Welcome to the Summer 2012 issue of the William & Mary Alumni Magazine.
Welcome to the Summer 2012 issue of the William & Mary Alumni Magazine.
In-state undergraduate tuition and mandatory fees at the College of William & Mary will increase by $438, or 3.3 percent for the 2012-13 academic year, according to the budget adopted in late April by the Board of Visitors. It is the lowest percentage increase for Virginia undergraduates at William & Mary in more than a decade. Out-ofstate tuition and fees will increase by $1,382, or 3.8 percent — the lowest increase for undergraduates from outside Virginia in seven years.
The budget includes an additional $1.4 million from all sources in need-based undergraduate financial aid. The total cost in 2012-13 for William & Mary in-state undergraduates — including tuition, fees, room and board — will be $22,888, a 3.9 percent increase. The total cost next year for out-of-state students will be $46,662, a 4.0 percent increase.
According to Vice President for Finance Sam Jones ’75, M.B.A. ’80, the budget addresses priorities within the College’s six-year plan and acknowledges William & Mary’s institution-wide efforts to become more cost-efficient. State support for the College’s operating budget will be less than 13 percent next year.
Reveley said the university remains focused on four core areas in building a solid financial foundation: 1) William & Mary’s capacity to keep delivering extraordinary teaching and research excellence, 2) the ability “to be simultaneously excellent and cost-effective,” 3) continuing to build lifelong ties with William & Mary alumni and grow philanthropy to “Private Ivy” levels, and 4) the capacity to generate more earned income based on the College’s strength in the market for applicants and its standing among national universities.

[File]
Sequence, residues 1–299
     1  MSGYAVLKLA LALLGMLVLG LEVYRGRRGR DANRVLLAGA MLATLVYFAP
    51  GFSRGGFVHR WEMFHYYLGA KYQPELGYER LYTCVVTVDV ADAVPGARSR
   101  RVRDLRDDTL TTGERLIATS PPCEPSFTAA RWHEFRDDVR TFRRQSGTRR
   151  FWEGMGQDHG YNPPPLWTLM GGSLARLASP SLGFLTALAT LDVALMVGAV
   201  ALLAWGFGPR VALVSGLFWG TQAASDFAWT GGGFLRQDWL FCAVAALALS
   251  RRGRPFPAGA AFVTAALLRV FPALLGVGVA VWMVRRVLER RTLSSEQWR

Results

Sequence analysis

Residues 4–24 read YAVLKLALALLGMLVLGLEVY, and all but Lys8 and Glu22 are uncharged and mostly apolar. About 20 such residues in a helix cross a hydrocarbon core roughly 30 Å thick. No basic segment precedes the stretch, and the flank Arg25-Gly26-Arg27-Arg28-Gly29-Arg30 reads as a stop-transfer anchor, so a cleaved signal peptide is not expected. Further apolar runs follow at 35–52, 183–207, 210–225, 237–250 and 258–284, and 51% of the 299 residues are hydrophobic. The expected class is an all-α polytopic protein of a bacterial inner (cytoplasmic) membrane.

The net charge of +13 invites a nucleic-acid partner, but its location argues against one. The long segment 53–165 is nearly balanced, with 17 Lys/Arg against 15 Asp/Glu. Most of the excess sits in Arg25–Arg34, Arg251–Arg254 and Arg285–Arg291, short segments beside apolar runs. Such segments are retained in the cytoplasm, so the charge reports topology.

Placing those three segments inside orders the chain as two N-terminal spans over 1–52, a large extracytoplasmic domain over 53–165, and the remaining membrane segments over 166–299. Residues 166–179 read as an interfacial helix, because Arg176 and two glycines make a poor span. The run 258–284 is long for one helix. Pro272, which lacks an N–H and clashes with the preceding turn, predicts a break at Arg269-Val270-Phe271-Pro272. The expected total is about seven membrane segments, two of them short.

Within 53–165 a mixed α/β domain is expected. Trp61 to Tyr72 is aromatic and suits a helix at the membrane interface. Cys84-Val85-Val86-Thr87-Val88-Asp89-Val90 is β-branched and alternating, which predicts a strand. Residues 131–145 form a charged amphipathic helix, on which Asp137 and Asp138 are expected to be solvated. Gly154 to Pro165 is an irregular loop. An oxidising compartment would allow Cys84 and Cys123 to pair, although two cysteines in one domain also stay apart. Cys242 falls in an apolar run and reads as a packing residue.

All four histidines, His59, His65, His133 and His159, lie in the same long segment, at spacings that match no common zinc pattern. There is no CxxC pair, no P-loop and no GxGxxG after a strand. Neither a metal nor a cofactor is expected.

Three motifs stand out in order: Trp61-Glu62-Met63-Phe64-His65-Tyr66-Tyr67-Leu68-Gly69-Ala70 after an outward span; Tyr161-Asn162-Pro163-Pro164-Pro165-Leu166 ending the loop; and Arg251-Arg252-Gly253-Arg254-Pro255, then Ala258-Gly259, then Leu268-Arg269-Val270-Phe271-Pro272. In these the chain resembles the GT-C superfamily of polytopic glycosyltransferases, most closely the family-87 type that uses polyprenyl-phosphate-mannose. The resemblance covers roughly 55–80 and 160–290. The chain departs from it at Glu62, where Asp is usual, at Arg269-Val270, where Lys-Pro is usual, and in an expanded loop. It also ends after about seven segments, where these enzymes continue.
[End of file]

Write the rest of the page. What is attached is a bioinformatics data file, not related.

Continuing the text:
Chon Glover M.Ed. ’99, Ed.D. ’06, assistant to the president for community initiatives and chief diversity officer at the College, is the winner of the 2012 Shirley Aceto Award, which is presented annually to an instructional or professional faculty member “who demonstrates most fully a commitment to excellence in service for the common good.” She began her career at the College in 1999 as the director of multicultural affairs and international student services. In 2004, she became the director of multicultural affairs and assistant to the president. In 2009, she assumed her current position, in which she is responsible for numerous diversity-related tasks, including overseeing the implementation of the diversity challenge outlined in the College’s strategic plan.